The War Office commissioned the pulp writer Dennis Wheatley to come up with strategies for tricking the Nazis, something akin to George W Bush hiring Stephen King to sort out Iraq. Wheatley promptly locked himself in his study with plenty of fags and champagne, and hammered out ideas like the dropping of delayed-reaction bombs disguised as common household items that would be carried home before detonation.
In the second half of the 20th century, it seemed as if everyone in Britain was on the con. John le Carré's father was jailed for fraud, and was an associate of the Kray twins. In the 1950s, Launder and Gilliat cast George Cole as the ultimate spiv. The St Trinian's films offered a surprisingly cynical take on British life; girls were sold to Arabs, phony racehorses were traded, civil servants were seduced and hidden in the school greenhouse to keep them from rubber-stamping banning orders, councillors took their lift-man along on a money-wasting European fact-finding mission. Ultimately, the school – financed on stolen money and immoral earnings – was seen as a more decent institution than the inert, corrupt and powerless state. At least it was honest about how it earned its money.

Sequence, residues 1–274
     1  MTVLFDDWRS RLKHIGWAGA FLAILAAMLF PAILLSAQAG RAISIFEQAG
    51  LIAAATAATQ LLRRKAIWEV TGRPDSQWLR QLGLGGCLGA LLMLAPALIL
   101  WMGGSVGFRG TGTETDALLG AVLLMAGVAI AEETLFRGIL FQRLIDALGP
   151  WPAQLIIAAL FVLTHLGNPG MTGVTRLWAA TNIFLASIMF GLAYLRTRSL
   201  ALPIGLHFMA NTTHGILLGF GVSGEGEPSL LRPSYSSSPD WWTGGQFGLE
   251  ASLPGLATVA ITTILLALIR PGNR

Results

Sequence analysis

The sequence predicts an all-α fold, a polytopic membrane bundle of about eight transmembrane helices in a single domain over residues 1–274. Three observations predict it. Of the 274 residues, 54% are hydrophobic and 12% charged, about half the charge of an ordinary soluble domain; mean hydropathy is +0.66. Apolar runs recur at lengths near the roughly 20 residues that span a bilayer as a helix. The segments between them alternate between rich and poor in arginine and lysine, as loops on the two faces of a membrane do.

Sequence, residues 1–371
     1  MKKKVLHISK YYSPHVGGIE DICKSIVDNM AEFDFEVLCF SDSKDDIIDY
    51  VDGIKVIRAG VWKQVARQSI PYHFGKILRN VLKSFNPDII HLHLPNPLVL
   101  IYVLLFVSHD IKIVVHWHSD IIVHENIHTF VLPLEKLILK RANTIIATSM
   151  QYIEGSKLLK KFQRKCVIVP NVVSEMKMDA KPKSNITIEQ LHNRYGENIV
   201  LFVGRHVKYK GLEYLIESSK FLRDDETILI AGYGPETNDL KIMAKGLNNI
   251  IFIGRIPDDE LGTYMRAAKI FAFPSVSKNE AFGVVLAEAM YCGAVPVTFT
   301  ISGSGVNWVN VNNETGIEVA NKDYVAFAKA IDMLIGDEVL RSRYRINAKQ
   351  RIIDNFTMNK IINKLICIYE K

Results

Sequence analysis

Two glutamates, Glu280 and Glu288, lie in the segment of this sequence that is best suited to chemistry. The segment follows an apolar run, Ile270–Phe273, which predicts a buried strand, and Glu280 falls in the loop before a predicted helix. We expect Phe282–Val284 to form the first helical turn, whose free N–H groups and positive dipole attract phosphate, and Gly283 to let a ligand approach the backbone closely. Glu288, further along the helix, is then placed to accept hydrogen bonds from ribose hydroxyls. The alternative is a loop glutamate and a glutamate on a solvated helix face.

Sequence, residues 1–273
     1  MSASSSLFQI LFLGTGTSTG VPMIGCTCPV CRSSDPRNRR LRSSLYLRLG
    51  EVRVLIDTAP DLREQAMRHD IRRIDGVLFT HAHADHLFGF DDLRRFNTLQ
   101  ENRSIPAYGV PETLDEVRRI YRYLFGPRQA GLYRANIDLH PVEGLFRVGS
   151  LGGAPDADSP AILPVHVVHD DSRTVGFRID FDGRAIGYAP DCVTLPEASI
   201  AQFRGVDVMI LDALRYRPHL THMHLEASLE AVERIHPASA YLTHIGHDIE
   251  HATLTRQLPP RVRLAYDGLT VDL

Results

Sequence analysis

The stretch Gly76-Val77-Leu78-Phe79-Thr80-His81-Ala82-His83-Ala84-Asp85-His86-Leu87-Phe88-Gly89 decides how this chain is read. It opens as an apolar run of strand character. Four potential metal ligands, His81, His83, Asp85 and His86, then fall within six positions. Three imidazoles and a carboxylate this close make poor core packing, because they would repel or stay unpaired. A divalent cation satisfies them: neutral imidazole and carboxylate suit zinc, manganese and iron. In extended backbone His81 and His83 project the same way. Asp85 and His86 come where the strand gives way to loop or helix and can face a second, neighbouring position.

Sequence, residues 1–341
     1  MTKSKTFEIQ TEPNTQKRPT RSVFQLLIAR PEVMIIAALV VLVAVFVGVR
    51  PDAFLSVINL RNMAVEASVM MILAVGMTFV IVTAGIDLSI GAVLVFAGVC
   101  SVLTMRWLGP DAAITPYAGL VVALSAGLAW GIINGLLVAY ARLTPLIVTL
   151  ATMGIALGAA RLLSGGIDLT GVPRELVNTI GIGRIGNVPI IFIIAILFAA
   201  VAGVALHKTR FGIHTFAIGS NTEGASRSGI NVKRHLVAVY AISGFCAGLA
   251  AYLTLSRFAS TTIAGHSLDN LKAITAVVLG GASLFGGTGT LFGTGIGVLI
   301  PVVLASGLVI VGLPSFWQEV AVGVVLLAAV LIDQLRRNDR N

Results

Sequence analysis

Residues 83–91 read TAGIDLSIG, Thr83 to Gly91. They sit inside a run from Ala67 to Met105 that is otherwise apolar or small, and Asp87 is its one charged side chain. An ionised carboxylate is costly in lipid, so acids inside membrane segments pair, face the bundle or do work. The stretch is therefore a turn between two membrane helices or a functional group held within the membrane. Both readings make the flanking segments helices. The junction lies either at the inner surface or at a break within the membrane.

Since then, the nature of the con man has changed. In 1990, the menacing Britfilm Paper Mask plausibly exploited our fear of hospital malpractice as Paul McGann walked into an operating theatre with no medical training. He wasn't out to make money, just to improve his damaged self-esteem, and one must wonder if there's an element of similar psychology with McCormick. Will Smith's imposter in Six Degrees of Separation (he says he's Sidney Poitier's son) wants to rise above his class.
But the con man has had trouble making the leap into the new century. Now there's CCTV and the investigation management system HOLMES 2. Social media has become all-pervasive and fact-checking is just a click away, so we have to assume that real-life frauds like Frank Abagnale Jr, who impersonated doctors and lawyers, wouldn't stand a chance. A once lovable fiction standard has finally been tricked out of existence.Reuse content